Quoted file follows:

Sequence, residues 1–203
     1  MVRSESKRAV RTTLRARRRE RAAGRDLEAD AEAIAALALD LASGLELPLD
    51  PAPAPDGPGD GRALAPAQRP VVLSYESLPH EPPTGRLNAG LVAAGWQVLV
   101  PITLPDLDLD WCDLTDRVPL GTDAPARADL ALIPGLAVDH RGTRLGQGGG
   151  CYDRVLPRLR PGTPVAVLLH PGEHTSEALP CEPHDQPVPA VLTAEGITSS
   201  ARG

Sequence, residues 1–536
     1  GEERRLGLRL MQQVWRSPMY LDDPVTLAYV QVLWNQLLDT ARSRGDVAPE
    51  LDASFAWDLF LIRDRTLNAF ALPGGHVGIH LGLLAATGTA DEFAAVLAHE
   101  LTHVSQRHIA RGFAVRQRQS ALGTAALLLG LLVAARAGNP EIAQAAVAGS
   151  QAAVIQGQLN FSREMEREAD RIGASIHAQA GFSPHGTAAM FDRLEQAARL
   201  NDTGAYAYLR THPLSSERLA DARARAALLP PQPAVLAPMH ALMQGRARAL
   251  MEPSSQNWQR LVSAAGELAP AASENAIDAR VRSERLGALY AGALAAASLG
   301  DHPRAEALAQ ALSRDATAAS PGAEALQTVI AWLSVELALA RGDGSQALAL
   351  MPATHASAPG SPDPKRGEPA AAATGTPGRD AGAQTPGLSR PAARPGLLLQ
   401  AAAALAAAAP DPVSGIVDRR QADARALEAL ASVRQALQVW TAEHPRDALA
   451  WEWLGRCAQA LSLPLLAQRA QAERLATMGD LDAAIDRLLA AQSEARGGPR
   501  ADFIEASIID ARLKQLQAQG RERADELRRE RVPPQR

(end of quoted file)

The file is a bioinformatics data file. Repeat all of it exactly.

Sequence, residues 1–203
     1  MVRSESKRAV RTTLRARRRE RAAGRDLEAD AEAIAALALD LASGLELPLD
    51  PAPAPDGPGD GRALAPAQRP VVLSYESLPH EPPTGRLNAG LVAAGWQVLV
   101  PITLPDLDLD WCDLTDRVPL GTDAPARADL ALIPGLAVDH RGTRLGQGGG
   151  CYDRVLPRLR PGTPVAVLLH PGEHTSEALP CEPHDQPVPA VLTAEGITSS
   201  ARG

Sequence, residues 1–536
     1  GEERRLGLRL MQQVWRSPMY LDDPVTLAYV QVLWNQLLDT ARSRGDVAPE
    51  LDASFAWDLF LIRDRTLNAF ALPGGHVGIH LGLLAATGTA DEFAAVLAHE
   101  LTHVSQRHIA RGFAVRQRQS ALGTAALLLG LLVAARAGNP EIAQAAVAGS
   151  QAAVIQGQLN FSREMEREAD RIGASIHAQA GFSPHGTAAM FDRLEQAARL
   201  NDTGAYAYLR THPLSSERLA DARARAALLP PQPAVLAPMH ALMQGRARAL
   251  MEPSSQNWQR LVSAAGELAP AASENAIDAR VRSERLGALY AGALAAASLG
   301  DHPRAEALAQ ALSRDATAAS PGAEALQTVI AWLSVELALA RGDGSQALAL
   351  MPATHASAPG SPDPKRGEPA AAATGTPGRD AGAQTPGLSR PAARPGLLLQ
   401  AAAALAAAAP DPVSGIVDRR QADARALEAL ASVRQALQVW TAEHPRDALA
   451  WEWLGRCAQA LSLPLLAQRA QAERLATMGD LDAAIDRLLA AQSEARGGPR
   501  ADFIEASIID ARLKQLQAQG RERADELRRE RVPPQR